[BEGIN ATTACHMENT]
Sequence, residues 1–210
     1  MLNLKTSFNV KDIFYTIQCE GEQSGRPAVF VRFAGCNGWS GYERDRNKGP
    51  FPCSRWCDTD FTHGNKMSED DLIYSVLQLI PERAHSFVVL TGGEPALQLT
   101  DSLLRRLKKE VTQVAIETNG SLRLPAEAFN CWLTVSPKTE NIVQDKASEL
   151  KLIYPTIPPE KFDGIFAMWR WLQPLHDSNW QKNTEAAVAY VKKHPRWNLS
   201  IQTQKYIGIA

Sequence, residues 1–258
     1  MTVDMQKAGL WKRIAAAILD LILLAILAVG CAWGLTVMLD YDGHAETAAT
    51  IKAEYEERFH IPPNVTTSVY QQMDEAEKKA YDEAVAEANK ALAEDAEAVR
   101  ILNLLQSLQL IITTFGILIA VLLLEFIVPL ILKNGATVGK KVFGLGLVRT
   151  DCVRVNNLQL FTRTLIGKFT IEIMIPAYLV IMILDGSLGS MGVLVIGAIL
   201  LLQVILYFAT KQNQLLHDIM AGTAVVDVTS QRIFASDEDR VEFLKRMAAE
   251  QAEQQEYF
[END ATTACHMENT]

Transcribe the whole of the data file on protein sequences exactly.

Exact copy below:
Sequence, residues 1–210
     1  MLNLKTSFNV KDIFYTIQCE GEQSGRPAVF VRFAGCNGWS GYERDRNKGP
    51  FPCSRWCDTD FTHGNKMSED DLIYSVLQLI PERAHSFVVL TGGEPALQLT
   101  DSLLRRLKKE VTQVAIETNG SLRLPAEAFN CWLTVSPKTE NIVQDKASEL
   151  KLIYPTIPPE KFDGIFAMWR WLQPLHDSNW QKNTEAAVAY VKKHPRWNLS
   201  IQTQKYIGIA

Sequence, residues 1–258
     1  MTVDMQKAGL WKRIAAAILD LILLAILAVG CAWGLTVMLD YDGHAETAAT
    51  IKAEYEERFH IPPNVTTSVY QQMDEAEKKA YDEAVAEANK ALAEDAEAVR
   101  ILNLLQSLQL IITTFGILIA VLLLEFIVPL ILKNGATVGK KVFGLGLVRT
   151  DCVRVNNLQL FTRTLIGKFT IEIMIPAYLV IMILDGSLGS MGVLVIGAIL
   201  LLQVILYFAT KQNQLLHDIM AGTAVVDVTS QRIFASDEDR VEFLKRMAAE
   251  QAEQQEYF